Mozart, Jazz, and Confederate Statues

Last Friday evening, Lang Music hosted a curious combination of musical performances. The program, featuring the Chamber Orchestra First Editions and the Rittenhouse Jazz Quartet, began with Mozart’s always pleasant A Major Piano Concerto, with Swarthmore’s deservedly beloved Andrew Hauze as pianist. Breaking from Mozart’s refined joviality was the playful “Journey into Jazz” by Gunther Schuller, for which the seemingly arbitrarily chosen former congressman Barney Frank raspily narrated between brief displays of virtuosity on trumpet.

Following was a new composition, which met its premier in this performance. “Shattered Stones” by the young percussionist Gabriel Globus-Hoenich. Upon reading that our composer was a percussionist, a friend of mine jokingly remarked, “who gave a drummer paper and something to write with?” On a purely superficial level, my friend’s feigned perplexity would be unjustified. That is to say, the work was a fun piece of jazz. In fact, I would have been happy to sit back and ride that smooth tide of groove, had I not read the piece’s description. Forsooth, it concerned Charlottesville!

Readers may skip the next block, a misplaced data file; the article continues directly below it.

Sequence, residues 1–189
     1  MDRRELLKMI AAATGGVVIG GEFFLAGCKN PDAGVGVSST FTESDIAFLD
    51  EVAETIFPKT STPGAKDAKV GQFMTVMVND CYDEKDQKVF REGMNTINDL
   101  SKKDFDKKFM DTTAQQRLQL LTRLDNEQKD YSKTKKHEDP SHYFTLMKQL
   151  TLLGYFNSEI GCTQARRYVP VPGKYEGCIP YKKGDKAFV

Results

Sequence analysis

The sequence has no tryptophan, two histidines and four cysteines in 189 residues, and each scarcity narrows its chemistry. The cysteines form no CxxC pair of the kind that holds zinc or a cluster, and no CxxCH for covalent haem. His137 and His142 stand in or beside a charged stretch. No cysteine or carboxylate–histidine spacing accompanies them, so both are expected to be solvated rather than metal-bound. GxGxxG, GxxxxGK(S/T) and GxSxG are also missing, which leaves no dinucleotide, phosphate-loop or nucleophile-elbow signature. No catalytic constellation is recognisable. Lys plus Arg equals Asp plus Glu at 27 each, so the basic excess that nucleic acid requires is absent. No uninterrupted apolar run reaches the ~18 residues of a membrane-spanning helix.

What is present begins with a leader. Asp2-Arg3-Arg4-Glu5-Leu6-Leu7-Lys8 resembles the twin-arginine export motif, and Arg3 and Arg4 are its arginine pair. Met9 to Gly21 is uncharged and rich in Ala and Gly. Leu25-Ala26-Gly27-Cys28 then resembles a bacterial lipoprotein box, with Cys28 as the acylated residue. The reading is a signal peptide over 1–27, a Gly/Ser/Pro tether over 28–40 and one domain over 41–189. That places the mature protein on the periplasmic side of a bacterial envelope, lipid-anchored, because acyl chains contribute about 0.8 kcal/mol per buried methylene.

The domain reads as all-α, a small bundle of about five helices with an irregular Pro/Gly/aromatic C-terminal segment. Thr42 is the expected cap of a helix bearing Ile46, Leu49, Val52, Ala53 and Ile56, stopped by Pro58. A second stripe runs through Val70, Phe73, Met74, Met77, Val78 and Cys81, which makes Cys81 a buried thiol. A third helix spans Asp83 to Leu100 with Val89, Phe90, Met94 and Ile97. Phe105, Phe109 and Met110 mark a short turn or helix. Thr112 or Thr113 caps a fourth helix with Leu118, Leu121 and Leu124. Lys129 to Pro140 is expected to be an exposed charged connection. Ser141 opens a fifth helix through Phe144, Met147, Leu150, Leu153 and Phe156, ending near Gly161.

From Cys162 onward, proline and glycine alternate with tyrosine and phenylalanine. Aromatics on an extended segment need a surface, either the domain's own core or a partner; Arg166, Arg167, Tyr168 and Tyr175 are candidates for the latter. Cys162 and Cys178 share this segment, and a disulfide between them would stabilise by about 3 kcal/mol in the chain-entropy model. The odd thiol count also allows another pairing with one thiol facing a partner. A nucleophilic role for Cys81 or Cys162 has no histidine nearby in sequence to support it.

Attribute this to insidious influence of social Marxism or whatever you will, but the implicit dictum “no art is apolitical” sometimes forces political messages onto artwork with little regard for the compatibility between the two. At least, that’s the impression I got from this perfectly innocuous rendition of jazz. As a result, pardon me if my interpretation is as contrived as the piece’s title seemed to me. Perhaps the smooth playing and upbeat tempo marked an optimistic consideration of the Charlottesville conflicts, anticipating triumph for the lively movement against the despicable defenders of Confederate monuments. I can no less suppress the objection, however, that a musical composition about the Charlottesville events and their wake ought to be more dissonant.

The movement that has recently swept the South is motivated no less by genuine concern for a public representation of darker stages of American history, than it is by iconoclastic raving. What ought to have taken expression in civil debates concerning removal and replacement of monuments has devolved to defacement of statues depicting Catholic Saints and even a peace monument. One must beware to draw false equivalence between the white nationalism of Charlottesville marchers and their counter-marchers, and it was admirable that Globus-Hoenich dedicated his work to the victims of white supremacist attacks. But it is similarly fallacious to pretend that mob mentality does not pour into that kettle of discontent, which boils over in rage that spills violently into the indiscriminate ransacking of all things related to Civil War History and beyond. Summarily, a jazzy march to triumph does not seem to characterize the vehement struggle of this movement.

Quite appropriately, the program ended with Mozart’s twenty-ninth Symphony in A Major. If anything, the sympathetic striving of this composition could much better stand for the events Charlottesville and beyond. If only our present strife could resolve as gracefully as Herr Mozart’s melodies.

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